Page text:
“I want to talk about jealousy,” began a voicemail of my most honest friend, who no longer bothers to introduce herself when she calls.
“Not like, ‘I want your stuff’ jealousy,” the voicemail continued, “But the jealousy that makes me want to go over to my friend’s house, walk in her front door, and take a shit in the middle of her living room.”
As you might imagine, I loved this voicemail.
When I called my friend back, we slowly let our jealousy stories inch out, the way my first boyfriend and I moved our hands incrementally nearer to each other over the course of a 2-hour movie, until our pinkies blissfully connected for the last 5 minutes of the film. (Hook. And this explains everything to my older brother Jacob who never understood my affinity for that movie.)
Eventually, a theme of our jealousy emerged: There’s no room for me. We are jealous of our friends whose stories make sense, who fit the cultural narrative of how People Are Supposed to Be. Their marriages look right, their perfect children always behave. Or maybe they rock the single/dating life, while we feel awkward and ugly. They are the right race, they speak the right native language. They belong in the world. We, with our terrible boyfriends and unruly children and hatred of Jesus and our split ends, do not.
Often the objects of our jealousy have what we perceive as bliss, while we have suffering. But my friend and I both agreed that our unique suffering is not actually what makes us jealous. Rather, our attempts to hide our suffering, to make it palatable for regular people, THAT is the dry kindling that fuels our jealousy. We contort our grotesque, disfigured selves into regular human forms, then we hate those regular human forms we try so hard to mimic.
“Maybe jealousy is a byproduct or even a symptom of trauma,” I suggested to my friend. Trauma expert Peter Levine writes, “Trauma is not what happens to us, but what we hold inside us in the absence of an empathic witness.” An empathic witness is someone who sees accurately the effect of trauma. Empathic witnesses never try to make it better. They just see trauma for what it is: Horrific, devastating, confusing. And they can reflect this to the survivor without the trauma response of becoming overwhelmed and shutting down. The empathic witness essentially digests the horror for the traumatized person, which turns trauma in to plain old suffering. Suffering, just like every human being on earth has experienced. We can do suffering.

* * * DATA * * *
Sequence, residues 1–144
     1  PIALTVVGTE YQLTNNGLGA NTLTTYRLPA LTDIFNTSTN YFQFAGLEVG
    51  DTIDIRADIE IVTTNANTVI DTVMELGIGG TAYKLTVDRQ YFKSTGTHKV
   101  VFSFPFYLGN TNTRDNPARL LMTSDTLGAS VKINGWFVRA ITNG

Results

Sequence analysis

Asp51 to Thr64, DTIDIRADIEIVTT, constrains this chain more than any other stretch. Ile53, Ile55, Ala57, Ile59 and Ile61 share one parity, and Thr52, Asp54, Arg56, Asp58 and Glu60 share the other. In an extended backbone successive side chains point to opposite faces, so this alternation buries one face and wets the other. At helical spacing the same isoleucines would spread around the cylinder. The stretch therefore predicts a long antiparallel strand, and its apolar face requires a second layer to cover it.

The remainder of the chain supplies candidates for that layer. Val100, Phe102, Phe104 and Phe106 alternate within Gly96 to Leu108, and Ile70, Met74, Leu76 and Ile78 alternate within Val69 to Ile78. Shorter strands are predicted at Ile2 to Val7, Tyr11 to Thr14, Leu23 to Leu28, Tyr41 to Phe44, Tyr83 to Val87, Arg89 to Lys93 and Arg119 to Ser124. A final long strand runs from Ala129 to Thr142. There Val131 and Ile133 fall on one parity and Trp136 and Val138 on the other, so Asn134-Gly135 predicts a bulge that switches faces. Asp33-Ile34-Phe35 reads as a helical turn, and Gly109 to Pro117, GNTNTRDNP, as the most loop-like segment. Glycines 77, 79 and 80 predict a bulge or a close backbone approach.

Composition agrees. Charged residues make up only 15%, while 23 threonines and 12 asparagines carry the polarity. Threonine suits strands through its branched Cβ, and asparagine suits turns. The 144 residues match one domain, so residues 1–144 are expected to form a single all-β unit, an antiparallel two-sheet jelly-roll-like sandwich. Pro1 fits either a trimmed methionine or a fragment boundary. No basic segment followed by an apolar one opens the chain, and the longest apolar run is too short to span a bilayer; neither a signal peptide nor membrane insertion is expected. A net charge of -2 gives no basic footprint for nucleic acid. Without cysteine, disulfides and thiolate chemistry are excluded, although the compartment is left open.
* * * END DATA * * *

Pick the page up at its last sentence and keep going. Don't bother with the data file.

Our jealous impulses make us want to bring others down to our level of suffering— by pooping in their living room, for example. But isn’t that just a desire to see our own experience as legitimate? We are looking for that empathic witness: “My life is shitty. I will make your life shitty too, so that you can know my experience. Then I can finally claim my shitty-ass experience as real and valid.”
“It’s like that TED talk on illness as identity,” my friend said. “Homosexuality used to be considered an illness, now it’s an identity. Deaf people almost universally report that they would refuse a miracle that allowed them to hear, because their deafness is their identity. So maybe our suffering could be our identity, if there could just be space for it to exist in the relationship. If it wasn’t seen as something we are supposed to wish away, or hide from others.”
Are you jealous much? I am, all the time, and so is my Most Honest Friend. We think we need the bliss that others (seem to) have, but we don’t. We need to find empathic witnesses, both inside and outside of ourselves. These people help us turn our trauma into suffering, and then integrate our suffering into our identity. When we get there, we are free us to be our true selves in relationship.
Are others jealous of you? They are of me, with my many racial, physical, and economic privileges. We can soothe the jealousy others have towards us by making room for them as not-us, by refusing to see their jealousy as proof that we are doing things right. We must see our own stories (our race, ability, orientation, etc) as one of many ways a person can be.